For most of history families themselves have inherited and passed in these intangible but essential skills of tuning in to our child and doing what comes naturally. Family life is now much more complex, intense and fragmented than at almost any time in human history.

Social, economic and political contexts can interfere with and severely disrupt the natural process of bonding and attachment that are so vital for child well being. Patterns of family life have to be fitted around demanding work and education. The time human parents once were able to spend with their children and their wider family has been stripped for so many of us by the demands of modern urban living. The benefits are increased health and wealth but the balance seems to have gotten out of kilter and the family home can be as stressed as some work places. When my children were young most mothers I knew went back to their paid employment as soon as possible and for most it was a relief. The office or classroom became a respite from the demands of a growing child with more energy than they knew what to do with.

So, what can we do for parents who want to do the best for their children and for themselves and have lost some of the ease and leisure we might once have had for rearing children?

Family, friendship and faith networks are the natural safety net and relief for stressed and frustrated mums and dads. Sometimes though we are still not sure if what we are doing is ‘right' or is ‘good enough'. This is when we can benefit from getting together with other mums and dads and following an enjoyable and enlightening and reassuring parenting programme.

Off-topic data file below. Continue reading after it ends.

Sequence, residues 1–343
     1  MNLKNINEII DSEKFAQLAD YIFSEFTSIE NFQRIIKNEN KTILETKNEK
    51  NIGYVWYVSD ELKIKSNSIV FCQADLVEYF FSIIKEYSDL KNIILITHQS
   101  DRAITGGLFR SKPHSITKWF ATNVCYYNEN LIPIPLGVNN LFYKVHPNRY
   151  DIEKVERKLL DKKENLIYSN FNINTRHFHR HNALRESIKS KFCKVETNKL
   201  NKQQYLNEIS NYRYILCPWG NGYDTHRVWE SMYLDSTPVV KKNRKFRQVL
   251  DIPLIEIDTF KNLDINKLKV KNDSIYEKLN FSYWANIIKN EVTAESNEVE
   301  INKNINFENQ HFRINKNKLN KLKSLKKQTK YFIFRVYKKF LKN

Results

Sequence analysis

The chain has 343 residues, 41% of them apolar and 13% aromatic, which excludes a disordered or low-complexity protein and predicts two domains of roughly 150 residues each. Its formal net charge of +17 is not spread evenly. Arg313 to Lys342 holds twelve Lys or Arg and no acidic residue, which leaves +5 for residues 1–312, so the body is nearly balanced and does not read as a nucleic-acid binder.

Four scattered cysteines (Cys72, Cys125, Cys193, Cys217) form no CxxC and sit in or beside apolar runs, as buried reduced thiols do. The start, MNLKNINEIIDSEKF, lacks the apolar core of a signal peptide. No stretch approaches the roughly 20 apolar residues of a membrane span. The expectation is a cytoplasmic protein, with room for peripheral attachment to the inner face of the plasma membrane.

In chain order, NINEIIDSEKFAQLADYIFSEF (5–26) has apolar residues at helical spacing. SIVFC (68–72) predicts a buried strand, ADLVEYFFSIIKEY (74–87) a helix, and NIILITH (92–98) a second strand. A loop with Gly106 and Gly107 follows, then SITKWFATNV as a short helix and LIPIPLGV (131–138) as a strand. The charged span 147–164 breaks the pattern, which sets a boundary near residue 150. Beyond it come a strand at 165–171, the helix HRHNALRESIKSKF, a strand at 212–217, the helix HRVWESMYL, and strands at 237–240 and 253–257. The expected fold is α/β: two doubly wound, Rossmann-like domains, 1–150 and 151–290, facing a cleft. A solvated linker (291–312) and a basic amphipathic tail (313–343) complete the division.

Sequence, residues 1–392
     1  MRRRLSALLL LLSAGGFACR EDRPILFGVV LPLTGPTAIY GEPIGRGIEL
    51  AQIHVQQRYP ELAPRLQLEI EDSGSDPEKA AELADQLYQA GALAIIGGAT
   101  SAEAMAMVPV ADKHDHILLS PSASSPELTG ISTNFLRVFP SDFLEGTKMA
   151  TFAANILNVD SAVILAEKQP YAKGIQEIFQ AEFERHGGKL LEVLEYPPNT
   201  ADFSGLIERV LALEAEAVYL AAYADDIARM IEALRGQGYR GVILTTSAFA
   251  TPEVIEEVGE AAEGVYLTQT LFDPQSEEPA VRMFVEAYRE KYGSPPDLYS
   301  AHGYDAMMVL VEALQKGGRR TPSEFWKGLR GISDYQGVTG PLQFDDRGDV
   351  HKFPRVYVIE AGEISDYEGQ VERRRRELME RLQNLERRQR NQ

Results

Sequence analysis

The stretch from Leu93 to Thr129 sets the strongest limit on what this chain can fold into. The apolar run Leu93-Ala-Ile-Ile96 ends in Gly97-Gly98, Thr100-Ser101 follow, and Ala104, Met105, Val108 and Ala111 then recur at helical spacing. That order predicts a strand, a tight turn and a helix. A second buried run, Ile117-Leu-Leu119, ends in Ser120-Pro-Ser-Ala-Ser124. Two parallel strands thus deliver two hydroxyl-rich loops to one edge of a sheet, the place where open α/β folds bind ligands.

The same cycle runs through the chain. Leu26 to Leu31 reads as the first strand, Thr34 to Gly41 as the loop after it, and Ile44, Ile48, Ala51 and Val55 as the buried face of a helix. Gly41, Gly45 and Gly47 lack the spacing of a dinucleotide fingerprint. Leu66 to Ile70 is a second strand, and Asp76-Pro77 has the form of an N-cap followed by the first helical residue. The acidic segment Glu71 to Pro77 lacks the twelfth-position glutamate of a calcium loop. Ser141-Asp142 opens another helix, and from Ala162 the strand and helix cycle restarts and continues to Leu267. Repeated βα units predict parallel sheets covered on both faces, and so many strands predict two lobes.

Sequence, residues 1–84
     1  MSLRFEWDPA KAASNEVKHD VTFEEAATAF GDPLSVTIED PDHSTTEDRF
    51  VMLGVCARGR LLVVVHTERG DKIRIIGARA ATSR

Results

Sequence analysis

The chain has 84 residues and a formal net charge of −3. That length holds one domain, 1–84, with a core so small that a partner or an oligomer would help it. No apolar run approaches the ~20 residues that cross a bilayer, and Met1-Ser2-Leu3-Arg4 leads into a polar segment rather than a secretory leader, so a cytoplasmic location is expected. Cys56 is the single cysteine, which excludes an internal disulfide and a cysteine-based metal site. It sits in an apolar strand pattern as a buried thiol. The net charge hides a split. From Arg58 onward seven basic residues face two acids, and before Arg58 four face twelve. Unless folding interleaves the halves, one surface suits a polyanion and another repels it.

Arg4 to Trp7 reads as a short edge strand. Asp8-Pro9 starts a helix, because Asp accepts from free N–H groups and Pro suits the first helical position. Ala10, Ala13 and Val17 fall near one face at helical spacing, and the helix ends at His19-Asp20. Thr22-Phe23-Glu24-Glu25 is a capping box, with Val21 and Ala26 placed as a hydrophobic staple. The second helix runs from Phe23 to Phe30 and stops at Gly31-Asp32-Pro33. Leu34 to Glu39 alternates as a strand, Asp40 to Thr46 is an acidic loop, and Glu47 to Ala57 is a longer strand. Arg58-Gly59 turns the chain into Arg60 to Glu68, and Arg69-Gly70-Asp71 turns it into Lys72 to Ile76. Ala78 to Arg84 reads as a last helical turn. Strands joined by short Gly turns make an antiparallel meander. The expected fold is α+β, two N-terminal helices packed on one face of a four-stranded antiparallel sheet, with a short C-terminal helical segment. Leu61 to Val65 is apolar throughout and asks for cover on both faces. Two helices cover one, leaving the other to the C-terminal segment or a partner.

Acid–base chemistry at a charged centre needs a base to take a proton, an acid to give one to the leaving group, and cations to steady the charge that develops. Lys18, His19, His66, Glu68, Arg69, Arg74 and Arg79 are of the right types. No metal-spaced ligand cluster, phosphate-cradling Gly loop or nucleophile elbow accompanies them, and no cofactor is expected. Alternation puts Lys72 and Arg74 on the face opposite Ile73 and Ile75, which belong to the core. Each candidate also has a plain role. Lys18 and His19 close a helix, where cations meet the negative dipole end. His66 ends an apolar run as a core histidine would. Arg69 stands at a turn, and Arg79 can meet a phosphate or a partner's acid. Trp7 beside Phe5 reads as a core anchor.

For over 30 years Family Caring Trust (FCT) parenting programmes have been used in homes, schools, parishes, health centres, Sure Start and community centres all over the country as well as in many parts of the world www.familycaring.co.uk


FCT parenting programmes are written by parents for parents and are

 Clear
 Easy to use
 Realistic
 Based on the best educational practices
 Grounded in a sound understanding of the need for both firm love and gentle love
 An opportunity to hear lots of ideas and share best practice in a friendly supportive environment
 Organised into manageable sessions (1 1/2 to 2 hours each)
 Run over 6 - 8 weeks
 Suitable in any cultural, gender, educational, faith, inter faith (or no faith) contexts
 Suitable for granddads and grandmas as well as dads and mums


 Parishes
 Schools
 Families
 Friends
 Community groups
 Church groups

Use them to WELCOME families into your church community at


Use them to at SCHOOL:
Starting school and transition between schools

Call Breda on 0773 44 11 282 to find out how to become a parenting facilitator


<< Diocese of Leeds website Terms & Conditions | Site Map